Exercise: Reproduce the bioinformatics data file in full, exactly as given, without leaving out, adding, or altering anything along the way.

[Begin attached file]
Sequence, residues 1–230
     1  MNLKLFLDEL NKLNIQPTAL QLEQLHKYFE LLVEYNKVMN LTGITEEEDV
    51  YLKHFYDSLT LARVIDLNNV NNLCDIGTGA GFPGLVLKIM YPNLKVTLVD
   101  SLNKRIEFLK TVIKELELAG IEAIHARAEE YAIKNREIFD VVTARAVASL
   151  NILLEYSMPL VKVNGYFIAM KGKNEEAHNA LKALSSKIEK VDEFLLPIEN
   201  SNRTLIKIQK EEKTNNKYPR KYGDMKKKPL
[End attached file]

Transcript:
Sequence, residues 1–230
     1  MNLKLFLDEL NKLNIQPTAL QLEQLHKYFE LLVEYNKVMN LTGITEEEDV
    51  YLKHFYDSLT LARVIDLNNV NNLCDIGTGA GFPGLVLKIM YPNLKVTLVD
   101  SLNKRIEFLK TVIKELELAG IEAIHARAEE YAIKNREIFD VVTARAVASL
   151  NILLEYSMPL VKVNGYFIAM KGKNEEAHNA LKALSSKIEK VDEFLLPIEN
   201  SNRTLIKIQK EEKTNNKYPR KYGDMKKKPL